When what to my wondering eyes should appear, but...
A miniature sleigh, and eight tiny . . . caribou
'Twas the night before Christmas when everyone knew, the sleigh of St. Nicholas was not pulled by caribou. That would be reindeer.
Truth be told, reindeer and caribou are the same species, Rangifer tarandus. But the two words are used in different parts of the world to describe the same animal: the arctic deer. As a general rule in North America, wild arctic deer are called caribou and domesticated arctic deer are called reindeer.
Clement Moore wrote that eight tiny reindeer pulled Santa's sleigh in his 1823 Christmas poem "A Visit from Saint Nicholas" and he was probably right.
A brilliant professor of Asian and Greek literature and a biblical scholar, Moore knew caribou were wild, and there was no written record of them ever being tamed, not even by Santa. He also knew reindeer had been domesticated for over 2,000 years and were used by to pull heavy loads, like a sleigh packed with toys.
According to Moore's famed Christmas poem, the reindeer went up on the rooftop 'click click click.' It sounds nicer than it is. Reindeer walk with a clicking sound so loud it resonates up to 150 feet away. (Imagine the sound of the 400,000-strong migration of the North American herd.) The sound is made by tendons snapping over foot bones.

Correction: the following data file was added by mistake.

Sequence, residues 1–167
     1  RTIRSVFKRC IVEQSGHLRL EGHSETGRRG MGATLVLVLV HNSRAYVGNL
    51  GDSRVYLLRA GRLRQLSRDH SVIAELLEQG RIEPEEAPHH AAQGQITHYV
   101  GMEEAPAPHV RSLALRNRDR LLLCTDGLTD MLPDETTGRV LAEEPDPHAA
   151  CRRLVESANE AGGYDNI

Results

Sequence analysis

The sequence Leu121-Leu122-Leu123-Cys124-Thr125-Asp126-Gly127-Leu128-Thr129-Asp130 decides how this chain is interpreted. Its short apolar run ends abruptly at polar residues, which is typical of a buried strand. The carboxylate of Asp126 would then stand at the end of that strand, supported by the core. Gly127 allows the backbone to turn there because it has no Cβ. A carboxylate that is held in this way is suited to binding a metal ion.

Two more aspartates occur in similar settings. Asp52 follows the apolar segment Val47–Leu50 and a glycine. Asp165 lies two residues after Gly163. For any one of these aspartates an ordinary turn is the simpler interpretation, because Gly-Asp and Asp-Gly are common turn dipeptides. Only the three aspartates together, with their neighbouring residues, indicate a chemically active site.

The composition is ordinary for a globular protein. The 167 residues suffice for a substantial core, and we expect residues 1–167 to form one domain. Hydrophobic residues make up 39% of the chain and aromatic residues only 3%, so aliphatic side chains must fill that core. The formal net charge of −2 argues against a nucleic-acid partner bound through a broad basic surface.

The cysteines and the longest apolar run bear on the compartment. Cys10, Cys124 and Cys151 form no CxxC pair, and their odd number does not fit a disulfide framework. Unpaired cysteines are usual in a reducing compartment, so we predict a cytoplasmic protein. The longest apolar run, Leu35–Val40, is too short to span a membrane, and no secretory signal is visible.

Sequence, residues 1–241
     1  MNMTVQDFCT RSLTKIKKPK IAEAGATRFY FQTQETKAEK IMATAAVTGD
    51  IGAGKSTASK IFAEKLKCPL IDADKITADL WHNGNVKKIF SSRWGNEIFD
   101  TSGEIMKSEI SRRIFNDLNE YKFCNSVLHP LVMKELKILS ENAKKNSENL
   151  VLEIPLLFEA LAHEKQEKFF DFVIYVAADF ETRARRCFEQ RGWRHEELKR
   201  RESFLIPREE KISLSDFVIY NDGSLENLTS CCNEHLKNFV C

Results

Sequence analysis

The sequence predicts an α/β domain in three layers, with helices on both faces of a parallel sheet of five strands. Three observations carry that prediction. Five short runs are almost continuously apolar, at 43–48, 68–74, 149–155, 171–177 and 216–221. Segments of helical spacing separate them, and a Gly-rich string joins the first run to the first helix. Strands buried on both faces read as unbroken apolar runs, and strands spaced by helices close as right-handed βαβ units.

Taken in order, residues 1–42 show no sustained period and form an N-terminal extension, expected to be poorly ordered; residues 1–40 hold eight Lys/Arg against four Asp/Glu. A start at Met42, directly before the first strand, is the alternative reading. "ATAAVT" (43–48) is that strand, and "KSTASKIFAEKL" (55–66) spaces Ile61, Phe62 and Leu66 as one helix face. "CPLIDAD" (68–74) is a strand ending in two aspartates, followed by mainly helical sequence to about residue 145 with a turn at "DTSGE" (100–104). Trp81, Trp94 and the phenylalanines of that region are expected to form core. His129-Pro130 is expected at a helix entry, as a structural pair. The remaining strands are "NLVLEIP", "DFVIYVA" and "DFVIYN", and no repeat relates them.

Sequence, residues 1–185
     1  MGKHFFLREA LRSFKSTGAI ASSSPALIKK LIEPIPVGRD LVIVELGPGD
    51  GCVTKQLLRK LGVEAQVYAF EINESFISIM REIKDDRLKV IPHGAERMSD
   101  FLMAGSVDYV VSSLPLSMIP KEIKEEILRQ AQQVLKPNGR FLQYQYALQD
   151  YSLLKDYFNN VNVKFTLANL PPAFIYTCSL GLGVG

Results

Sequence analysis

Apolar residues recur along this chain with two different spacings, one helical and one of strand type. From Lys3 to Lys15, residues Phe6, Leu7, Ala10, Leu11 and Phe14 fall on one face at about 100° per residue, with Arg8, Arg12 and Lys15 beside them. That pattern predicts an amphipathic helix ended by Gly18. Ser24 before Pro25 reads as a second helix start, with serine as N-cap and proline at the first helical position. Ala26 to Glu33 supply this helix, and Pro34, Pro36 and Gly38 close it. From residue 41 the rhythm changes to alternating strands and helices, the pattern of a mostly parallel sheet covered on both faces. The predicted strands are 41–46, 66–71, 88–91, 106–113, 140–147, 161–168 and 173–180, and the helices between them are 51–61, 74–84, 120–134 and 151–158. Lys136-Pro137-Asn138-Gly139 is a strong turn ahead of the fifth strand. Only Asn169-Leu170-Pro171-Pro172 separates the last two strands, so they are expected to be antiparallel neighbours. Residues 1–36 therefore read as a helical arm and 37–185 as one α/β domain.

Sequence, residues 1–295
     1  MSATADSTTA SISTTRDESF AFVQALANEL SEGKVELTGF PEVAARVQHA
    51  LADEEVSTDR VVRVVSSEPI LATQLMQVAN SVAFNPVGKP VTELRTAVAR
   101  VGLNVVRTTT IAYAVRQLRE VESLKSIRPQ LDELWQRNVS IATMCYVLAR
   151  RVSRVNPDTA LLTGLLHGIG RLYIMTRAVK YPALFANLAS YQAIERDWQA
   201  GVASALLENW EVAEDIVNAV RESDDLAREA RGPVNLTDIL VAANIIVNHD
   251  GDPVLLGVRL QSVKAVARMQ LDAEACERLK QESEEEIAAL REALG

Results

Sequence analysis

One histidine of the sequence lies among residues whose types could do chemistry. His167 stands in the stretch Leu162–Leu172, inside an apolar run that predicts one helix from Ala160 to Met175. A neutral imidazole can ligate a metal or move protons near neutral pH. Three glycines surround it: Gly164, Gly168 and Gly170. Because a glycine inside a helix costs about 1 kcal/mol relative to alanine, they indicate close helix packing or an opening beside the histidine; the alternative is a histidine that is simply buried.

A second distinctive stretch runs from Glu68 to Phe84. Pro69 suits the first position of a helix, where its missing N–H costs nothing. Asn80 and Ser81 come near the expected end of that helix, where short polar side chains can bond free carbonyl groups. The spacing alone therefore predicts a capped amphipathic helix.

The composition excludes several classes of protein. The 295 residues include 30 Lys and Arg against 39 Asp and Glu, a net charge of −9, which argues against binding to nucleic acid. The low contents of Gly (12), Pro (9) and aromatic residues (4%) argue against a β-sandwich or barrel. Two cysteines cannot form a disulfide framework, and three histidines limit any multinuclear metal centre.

Reindeer are amazingly adapted for living with Santa at the North Pole.
Large four-toed, hairy hooves expand or contract with the weather to act like snowshoes or shovels or water paddles. Specialized noses densely covered with short hair (even the nostrils) to warm cold inhaled breath because they shove these muzzles into the snow all day long to root out food.
Two layers of fur that trap air to provide first-rate insulation from arctic temperatures, keeping them afloat in freezing water or pulling sleighs at light-speed.
They can run up to 50 mph when chased. Caribou calves can follow their mothers an hour after birth and gallop up to 45 miles an hour.
Both males and females grow antlers every year and males lose theirs in early winter or early spring, but females shed theirs in the summer. Santa's reindeer are always pictured with antlers. That means they're probably she-deer or young bulls.